But I would say, in the grand-sceme of things, I’ve had better control with Keppra! And I did pretty well in the course in general considering the circumstances!

        Like

        Comment by snowwoman — May 2, 2010 @ 9:52 PM

  4. My husband is great, he was from the first about my epilepsy.

    I never could get a job, my seizures were that obvious. I could not hide them.

    Like

    Comment by Ruth Brown — April 24, 2010 @ 4:06 PM

    • Tonialpha, Seems like you had the best of all possible worlds…an ace doc and a supportive husband. Are you sorry that you weren’t able to stay home with the children? What were you working at when they were little? Still the EEG job or something else?

      Like

      Comment by Phylis Feiner Johnson — April 25, 2010 @ 12:16 AM

      • I have been always home. I need to have someone watch me and the kids. My seizure activity would have me in the hospital at times. I would try to work thinking I was fine and I would be out like a light. They would ask me to leave for the protection of me and others. It was 95% of the time. I embarrased my kids a few times while volunteering at school. THe Neurologist, I worked for understood my seizure activity and felt it would be a benefit to work in his office. WHen I would drop things and run, plus I babble, he felt I should stay at home. He will ask me questions and I will give him an opinion. We were friends too. I would see the different medications of other people would get, Parkinson’s, MS, CVA and other Neurologic disorder were interesting to learn from. A lot of people love having someone to listen to their situation.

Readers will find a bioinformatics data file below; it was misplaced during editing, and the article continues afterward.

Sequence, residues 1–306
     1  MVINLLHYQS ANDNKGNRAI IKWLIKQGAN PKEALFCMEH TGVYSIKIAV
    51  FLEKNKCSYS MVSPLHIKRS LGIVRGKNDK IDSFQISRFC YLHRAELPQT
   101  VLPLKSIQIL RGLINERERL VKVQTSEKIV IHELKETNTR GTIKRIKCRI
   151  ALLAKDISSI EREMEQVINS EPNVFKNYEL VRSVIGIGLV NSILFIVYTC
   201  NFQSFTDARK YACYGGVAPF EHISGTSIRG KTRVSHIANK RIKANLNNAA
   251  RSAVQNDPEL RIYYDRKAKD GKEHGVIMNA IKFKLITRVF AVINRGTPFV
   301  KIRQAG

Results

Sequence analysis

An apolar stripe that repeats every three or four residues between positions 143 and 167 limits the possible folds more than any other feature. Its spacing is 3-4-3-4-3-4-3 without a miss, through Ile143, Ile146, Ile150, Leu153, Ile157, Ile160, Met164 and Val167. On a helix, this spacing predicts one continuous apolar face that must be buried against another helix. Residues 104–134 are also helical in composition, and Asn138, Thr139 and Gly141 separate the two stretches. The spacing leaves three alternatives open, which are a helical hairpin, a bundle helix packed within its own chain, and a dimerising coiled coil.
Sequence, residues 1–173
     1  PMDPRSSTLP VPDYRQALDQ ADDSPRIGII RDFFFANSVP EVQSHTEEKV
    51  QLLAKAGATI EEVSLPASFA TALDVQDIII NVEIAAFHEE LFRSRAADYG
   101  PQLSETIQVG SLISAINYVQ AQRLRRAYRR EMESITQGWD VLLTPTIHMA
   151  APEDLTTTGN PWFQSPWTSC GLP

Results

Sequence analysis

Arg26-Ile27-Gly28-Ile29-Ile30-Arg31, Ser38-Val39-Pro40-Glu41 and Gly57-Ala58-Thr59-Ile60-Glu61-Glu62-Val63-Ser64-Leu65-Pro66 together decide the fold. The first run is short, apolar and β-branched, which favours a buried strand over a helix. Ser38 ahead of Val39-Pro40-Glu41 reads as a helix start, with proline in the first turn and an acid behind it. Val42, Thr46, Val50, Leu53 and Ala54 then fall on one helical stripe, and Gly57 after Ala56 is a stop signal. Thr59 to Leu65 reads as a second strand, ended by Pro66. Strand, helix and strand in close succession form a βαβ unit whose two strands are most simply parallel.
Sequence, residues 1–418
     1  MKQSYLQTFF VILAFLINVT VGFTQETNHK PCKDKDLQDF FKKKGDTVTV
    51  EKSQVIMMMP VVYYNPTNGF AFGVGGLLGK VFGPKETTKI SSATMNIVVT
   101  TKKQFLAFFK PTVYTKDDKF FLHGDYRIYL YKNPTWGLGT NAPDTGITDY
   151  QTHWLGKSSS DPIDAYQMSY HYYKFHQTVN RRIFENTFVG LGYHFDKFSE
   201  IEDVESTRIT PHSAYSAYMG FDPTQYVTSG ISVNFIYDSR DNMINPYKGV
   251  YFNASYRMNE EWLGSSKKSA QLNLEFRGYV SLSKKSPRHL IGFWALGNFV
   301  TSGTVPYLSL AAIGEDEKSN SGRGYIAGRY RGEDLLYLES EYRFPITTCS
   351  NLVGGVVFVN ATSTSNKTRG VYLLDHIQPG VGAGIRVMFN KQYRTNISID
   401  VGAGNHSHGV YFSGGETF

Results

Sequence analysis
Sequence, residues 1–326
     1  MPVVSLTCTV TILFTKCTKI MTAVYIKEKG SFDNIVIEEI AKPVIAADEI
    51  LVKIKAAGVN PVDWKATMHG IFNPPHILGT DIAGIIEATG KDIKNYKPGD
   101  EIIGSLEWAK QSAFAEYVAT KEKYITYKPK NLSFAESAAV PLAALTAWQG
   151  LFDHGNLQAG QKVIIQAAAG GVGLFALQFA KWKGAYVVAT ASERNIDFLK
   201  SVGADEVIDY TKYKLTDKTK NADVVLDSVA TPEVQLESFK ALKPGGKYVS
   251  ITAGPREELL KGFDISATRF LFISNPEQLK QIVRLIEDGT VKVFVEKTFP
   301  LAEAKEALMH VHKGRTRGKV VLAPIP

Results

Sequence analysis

Like

        Comment by Tonialpha — April 25, 2010 @ 12:59 AM

  5. And aren’t we grateful we don’t have any of those other diseases!

    Like

    Comment by Phylis Feiner Johnson — April 25, 2010 @ 3:14 AM

  6. I went to a boarding school. A friend read a short story that we may have heard. This person was a joy and inspiration who you could talk to on the phone. When you were introduced, you saw a person w/ no arms and legs, but a very supporting person to talk to.

    I was asked to leave the boarding school my parents went to but the story always was in the back of my head! He puts us where we are needed!

    Like

    Comment by Tonialpha — April 25, 2010 @ 4:12 AM

  7. I met somebody on the Internet yesterday. He had 2 fingers missing from birth. His mother took Thalidomide. It was considered a miracle drug for pregnant women in the early ’70’s.

    Children were born without arms and legs. Some had more than two legs, all deformities that you can and cannot imagine.

    Would you believe it, Thalidomide is still on the market? They are testing it for something else now. Look it up on the internet!!

    Like

    Comment by Ruth Brown — April 25, 2010 @ 9:54 PM